Freestyle Skis

Get rad with our freestyle skis

Freestyle skis are all about sliding rails, hitting jumps and getting air in the halfpipe. They’re designed to give you the balance, pop and manoeuvrability that you need for powerful take-offs, comfortable spins, solid rail slides and confident landings, whether you’re riding regular or switch.

Waist width

Park skis with narrower underfoot widths are aimed at riders who like to play on hard-packed parks and in the street, while wider waists will let you to take your skills out back into the deep stuff. Like with most categories of ski right now, more lightweight construction techniques are letting freestyle skis become a little wider than they were in the past, while still providing a lot of manoeuvrability. 


If you’re a jibber, who’s all about slow speed tricks in tight spots or taking your skills to the street, a deeper sidecut and shorter turning radius will do the trick. A longer turning radius and straighter sidecut will be more stable at speed – ideal if you’re hitting the big jump line at high velocity.


Park ski profiles can vary depending if the model is aimed at rails, jumps and hard-packed pistes, or if they’re more of a freestyle-backcountry hybrid. Most park and hard-pack skis will feature a traditional camber underfoot for loads of pop. A more freeride or backcountry-focused ski will often give you added rocker in the nose and tail to help you float and stick those landings in soft snow.


Most park skis will offer plenty of forgiving flex in the nose and tail, for better butters and easier landings. This can make them a good choice for beginners too. If you’re looking at more of a freestyle-freeride hybrid or something for taming bigger jumps, look for something with a bit more stiffness to stand up to the big forces involved in those higher speeds and bigger landings.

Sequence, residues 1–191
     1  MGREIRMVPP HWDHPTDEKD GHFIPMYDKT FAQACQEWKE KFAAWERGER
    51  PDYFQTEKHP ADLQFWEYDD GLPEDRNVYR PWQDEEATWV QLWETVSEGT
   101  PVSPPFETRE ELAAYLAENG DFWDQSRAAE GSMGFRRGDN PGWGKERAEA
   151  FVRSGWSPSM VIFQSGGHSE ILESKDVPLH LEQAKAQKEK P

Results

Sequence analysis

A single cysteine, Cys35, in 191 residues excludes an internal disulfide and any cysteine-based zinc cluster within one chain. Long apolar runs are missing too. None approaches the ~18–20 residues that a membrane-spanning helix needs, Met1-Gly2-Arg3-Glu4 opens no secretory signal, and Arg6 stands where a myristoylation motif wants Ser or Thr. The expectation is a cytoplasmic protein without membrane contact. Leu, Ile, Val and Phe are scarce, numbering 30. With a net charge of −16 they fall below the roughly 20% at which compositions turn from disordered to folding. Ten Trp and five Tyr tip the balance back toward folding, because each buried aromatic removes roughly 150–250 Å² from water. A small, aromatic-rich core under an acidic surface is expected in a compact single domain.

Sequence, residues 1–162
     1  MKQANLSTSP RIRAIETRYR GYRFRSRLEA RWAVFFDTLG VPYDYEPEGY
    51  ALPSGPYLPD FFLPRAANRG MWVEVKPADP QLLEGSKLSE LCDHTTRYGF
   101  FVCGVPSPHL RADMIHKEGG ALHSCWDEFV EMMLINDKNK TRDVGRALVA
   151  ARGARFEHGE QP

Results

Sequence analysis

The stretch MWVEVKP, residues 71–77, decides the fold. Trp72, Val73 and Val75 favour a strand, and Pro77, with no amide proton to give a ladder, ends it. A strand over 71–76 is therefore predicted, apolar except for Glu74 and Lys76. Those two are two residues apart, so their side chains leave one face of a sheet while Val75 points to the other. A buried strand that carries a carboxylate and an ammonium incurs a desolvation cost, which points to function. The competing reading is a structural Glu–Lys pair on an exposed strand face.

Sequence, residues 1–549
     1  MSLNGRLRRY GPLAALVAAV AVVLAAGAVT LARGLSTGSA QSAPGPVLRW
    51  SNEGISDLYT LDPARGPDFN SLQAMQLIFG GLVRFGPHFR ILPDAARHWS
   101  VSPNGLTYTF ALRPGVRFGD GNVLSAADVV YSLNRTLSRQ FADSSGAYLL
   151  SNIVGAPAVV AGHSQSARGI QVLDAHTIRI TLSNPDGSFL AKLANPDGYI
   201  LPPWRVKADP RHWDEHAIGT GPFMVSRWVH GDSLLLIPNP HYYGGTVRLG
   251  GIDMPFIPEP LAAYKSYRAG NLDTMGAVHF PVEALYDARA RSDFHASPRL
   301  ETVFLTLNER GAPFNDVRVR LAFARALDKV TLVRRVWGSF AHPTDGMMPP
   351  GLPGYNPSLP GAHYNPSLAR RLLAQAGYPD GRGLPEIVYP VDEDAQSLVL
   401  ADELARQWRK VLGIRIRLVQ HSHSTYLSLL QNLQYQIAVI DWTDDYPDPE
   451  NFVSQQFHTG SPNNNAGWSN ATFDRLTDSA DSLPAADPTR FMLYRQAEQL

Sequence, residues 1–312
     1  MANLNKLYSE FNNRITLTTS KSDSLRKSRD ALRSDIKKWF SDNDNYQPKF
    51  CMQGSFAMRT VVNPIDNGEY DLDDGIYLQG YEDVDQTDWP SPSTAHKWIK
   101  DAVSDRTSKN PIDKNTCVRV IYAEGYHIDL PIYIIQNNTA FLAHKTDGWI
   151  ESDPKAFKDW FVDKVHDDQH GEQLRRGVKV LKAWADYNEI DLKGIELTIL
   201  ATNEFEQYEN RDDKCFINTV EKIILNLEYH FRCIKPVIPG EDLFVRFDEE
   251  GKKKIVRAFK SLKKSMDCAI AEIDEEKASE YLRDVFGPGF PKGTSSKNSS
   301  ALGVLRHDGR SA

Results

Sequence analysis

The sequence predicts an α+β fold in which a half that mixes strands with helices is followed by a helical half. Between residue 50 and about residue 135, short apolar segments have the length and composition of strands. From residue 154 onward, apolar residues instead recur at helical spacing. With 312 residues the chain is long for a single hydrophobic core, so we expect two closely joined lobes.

Mounting options

Most park riders, who are rail and jump oriented, like their skis mounted at centre for the extra balance it provides when spinning in the air or sliding down rails. If you want to take your tricks to the backcountry, consider a ski that has more of a setback or the option to mount the binding further back on the ski – this’ll make it easier to keep your tips up out of the powder.

Need any help to choose?

If you’re not quite sure what you’re looking for in terms of width, profile, sidecut and flex, check out our Ski Buyer’s Guide for more on what to look for. There’s a handy Ski Size Guide to help you pick the right size too.

Don’t worry if you’re still not sure – we’re here to help. Just get in touch with one of the team today and we’ll be happy to answer your questions.